JUBA, Aug 20 (Reuters) - South Sudanese lawmakers approved a 75 percent increase in public spending in the 2018/2019 budget on Monday, though ministers did not spell out where the cash would come from in an economy ravaged by nearly five years of civil war.
Finance Minister Salvatore Garang Mabiordit told parliament that the planned budget of 81.6 billion South Sudanese pounds ($626 million) was “based on our own resources” - not on expected grants or loans from donors.
South Sudan’s only significant economic resource is oil, but fighting has forced operators to shut down many fields and output is less than half its pre-war level of 245,000 barrels per day.
Fighting broke out between troops loyal to President Salva Kiir and his former deputy turned rival Riek Machar in late 2013, less that three years after South Sudan declared independence from Sudan amid celebrations and promises of support from major world powers.
Earlier this month, Kiir granted an amnesty to rebels including Machar after a series of failed peace deals and broken ceasefires - and there have been no reports of major fighting since.
But the ethnically charged violence - which has killed tens of thousands of people and forced nearly four million to flee their homes, according to U.N. figures - has left the finances of the world’s youngest country in tatters.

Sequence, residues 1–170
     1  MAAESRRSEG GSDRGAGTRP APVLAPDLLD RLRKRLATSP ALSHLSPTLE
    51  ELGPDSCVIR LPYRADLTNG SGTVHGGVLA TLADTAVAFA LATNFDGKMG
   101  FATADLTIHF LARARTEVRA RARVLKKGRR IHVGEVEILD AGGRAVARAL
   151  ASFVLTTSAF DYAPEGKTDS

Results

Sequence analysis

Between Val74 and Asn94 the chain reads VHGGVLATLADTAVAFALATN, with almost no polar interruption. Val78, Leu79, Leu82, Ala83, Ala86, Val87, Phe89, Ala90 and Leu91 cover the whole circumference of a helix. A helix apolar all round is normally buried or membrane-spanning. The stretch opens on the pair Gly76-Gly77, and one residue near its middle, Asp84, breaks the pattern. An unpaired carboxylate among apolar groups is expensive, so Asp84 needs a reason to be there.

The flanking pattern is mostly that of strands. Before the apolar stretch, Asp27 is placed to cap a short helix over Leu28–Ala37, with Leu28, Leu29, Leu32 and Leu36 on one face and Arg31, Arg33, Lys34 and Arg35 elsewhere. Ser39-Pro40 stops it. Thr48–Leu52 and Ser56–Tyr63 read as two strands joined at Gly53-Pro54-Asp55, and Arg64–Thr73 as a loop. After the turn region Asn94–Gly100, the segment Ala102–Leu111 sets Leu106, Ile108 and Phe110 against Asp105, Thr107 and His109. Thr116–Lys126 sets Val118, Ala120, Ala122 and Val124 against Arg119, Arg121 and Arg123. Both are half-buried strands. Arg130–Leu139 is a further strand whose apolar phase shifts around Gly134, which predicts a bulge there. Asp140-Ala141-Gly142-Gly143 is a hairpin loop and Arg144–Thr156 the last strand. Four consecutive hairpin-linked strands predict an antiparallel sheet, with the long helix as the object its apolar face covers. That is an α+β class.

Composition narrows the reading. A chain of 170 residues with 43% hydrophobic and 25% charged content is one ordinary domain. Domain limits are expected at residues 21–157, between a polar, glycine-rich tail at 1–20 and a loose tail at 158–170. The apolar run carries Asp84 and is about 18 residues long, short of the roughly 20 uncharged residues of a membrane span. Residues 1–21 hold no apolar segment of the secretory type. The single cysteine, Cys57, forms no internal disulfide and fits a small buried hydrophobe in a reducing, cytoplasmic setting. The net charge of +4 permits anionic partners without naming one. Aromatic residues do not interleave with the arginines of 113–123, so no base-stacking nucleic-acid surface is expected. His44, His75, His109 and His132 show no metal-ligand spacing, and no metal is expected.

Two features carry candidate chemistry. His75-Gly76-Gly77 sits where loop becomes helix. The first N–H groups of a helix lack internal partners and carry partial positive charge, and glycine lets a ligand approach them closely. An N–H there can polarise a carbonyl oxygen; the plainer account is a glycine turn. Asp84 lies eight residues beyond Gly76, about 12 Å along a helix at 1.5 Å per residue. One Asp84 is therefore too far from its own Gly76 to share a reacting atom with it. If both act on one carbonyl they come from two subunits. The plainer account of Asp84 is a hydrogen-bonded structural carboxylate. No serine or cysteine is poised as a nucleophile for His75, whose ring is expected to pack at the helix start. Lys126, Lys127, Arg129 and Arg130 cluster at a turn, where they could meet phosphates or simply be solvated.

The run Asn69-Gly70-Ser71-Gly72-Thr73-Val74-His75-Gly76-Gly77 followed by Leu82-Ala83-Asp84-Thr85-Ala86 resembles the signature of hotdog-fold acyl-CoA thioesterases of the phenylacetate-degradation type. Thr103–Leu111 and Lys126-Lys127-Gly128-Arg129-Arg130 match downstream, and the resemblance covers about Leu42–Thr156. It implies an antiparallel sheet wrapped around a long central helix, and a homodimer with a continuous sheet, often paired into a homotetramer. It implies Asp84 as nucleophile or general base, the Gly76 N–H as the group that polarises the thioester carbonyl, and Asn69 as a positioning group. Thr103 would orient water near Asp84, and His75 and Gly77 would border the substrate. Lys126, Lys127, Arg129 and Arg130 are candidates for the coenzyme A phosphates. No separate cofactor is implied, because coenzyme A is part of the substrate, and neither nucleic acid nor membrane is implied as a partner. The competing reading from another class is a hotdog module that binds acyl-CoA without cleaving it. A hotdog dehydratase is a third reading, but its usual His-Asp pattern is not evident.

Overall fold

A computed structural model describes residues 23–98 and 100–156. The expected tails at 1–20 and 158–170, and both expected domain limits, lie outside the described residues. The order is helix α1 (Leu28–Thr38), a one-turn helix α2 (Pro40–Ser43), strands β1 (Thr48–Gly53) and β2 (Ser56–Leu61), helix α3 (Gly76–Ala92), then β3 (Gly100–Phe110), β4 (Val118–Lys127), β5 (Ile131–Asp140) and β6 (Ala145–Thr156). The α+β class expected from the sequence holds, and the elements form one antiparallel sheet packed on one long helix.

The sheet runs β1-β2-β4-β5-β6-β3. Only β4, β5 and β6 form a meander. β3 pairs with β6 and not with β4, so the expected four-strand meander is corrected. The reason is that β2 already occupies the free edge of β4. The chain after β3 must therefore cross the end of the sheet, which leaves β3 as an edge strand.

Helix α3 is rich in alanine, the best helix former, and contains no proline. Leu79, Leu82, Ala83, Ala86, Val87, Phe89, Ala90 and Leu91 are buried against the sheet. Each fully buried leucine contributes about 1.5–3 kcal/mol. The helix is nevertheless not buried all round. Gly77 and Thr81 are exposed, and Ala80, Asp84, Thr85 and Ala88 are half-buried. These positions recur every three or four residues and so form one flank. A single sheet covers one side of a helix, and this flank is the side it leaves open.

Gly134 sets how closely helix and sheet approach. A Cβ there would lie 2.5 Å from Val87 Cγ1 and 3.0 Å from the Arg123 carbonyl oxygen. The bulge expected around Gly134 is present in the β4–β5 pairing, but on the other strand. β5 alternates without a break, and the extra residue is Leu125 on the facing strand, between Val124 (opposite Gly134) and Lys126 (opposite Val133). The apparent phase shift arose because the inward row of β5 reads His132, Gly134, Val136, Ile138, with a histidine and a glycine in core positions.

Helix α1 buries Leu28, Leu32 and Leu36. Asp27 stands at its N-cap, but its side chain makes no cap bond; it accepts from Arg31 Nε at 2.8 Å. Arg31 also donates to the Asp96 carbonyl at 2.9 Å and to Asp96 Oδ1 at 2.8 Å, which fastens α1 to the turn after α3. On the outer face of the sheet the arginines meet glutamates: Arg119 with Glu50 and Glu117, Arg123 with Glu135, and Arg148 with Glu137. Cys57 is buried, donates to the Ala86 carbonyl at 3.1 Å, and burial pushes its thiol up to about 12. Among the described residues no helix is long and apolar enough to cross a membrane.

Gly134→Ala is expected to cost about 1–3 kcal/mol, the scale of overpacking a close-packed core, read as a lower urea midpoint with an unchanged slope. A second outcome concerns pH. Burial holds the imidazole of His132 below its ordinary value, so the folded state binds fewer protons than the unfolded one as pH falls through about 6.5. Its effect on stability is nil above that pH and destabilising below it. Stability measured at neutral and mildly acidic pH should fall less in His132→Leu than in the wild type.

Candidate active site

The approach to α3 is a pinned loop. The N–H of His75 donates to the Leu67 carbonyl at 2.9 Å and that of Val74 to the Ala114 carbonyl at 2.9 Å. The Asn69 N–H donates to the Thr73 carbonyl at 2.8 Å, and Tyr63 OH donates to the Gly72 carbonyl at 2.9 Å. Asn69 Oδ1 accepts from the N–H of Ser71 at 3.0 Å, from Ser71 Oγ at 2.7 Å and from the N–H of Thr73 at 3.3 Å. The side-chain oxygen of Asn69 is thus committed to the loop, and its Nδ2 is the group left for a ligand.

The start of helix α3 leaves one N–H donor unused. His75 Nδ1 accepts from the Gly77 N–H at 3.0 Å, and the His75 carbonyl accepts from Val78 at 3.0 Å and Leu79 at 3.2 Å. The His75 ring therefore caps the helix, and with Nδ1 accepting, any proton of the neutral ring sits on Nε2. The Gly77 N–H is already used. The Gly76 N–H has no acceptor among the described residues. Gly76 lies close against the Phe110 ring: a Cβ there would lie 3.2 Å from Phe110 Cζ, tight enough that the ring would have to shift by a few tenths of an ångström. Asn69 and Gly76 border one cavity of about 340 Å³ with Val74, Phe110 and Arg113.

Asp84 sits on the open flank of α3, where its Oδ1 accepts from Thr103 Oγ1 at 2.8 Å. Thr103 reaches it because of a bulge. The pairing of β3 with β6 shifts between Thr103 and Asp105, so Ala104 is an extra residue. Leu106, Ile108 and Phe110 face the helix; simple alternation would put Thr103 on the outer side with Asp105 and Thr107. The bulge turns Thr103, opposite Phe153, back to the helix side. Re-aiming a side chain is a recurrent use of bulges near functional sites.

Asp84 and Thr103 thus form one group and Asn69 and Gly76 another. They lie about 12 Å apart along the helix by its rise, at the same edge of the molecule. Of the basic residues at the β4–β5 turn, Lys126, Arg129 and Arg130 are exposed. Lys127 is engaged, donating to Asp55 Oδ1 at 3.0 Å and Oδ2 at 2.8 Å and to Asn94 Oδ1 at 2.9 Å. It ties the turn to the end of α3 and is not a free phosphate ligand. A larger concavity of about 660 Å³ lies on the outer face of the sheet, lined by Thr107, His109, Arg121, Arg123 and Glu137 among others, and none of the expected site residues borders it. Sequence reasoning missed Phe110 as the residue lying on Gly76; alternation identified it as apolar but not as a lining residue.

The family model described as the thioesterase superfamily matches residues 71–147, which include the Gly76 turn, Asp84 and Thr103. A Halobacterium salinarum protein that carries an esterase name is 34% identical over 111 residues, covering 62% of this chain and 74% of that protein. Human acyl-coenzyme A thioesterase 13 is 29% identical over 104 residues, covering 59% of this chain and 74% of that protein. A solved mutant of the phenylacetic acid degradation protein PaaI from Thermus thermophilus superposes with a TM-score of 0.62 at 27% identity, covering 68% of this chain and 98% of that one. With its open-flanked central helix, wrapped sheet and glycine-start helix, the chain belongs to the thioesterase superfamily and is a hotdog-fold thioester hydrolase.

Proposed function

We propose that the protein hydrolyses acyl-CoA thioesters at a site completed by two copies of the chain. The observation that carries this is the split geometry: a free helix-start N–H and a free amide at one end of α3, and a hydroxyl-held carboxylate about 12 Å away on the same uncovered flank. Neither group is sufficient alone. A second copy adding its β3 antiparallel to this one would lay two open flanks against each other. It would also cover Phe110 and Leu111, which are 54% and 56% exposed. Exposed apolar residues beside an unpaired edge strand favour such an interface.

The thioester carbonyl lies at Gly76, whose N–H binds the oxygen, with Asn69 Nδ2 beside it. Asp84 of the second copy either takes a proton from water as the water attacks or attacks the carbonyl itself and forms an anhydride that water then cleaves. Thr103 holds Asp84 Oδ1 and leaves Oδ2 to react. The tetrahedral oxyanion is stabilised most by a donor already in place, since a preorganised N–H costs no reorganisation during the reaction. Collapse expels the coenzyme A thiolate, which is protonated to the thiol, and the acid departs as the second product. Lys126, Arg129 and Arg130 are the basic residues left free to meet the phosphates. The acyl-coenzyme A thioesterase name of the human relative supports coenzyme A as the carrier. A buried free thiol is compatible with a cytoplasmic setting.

Inflation has been in the triple digits at various stages during the conflict, with hyperinflation persisting for several years due in part to its depreciating currency.
The minister said 40 percent of approved spending would go on salaries, which he said previously up 50 percent of spending, without specifying when.
He did not say how much would be spent on the military and other security costs, typically the largest expenditure category, saying only that “peace is expensive” without giving details.
In the previous fiscal year, Mabiordit said, the country’s 400 MPs had each received loans from the government of $40,000 to buy cars. Such loans had not been included in this year’s budget, he said. (Writing by Maggie Fick Editing by Andrew Heavens)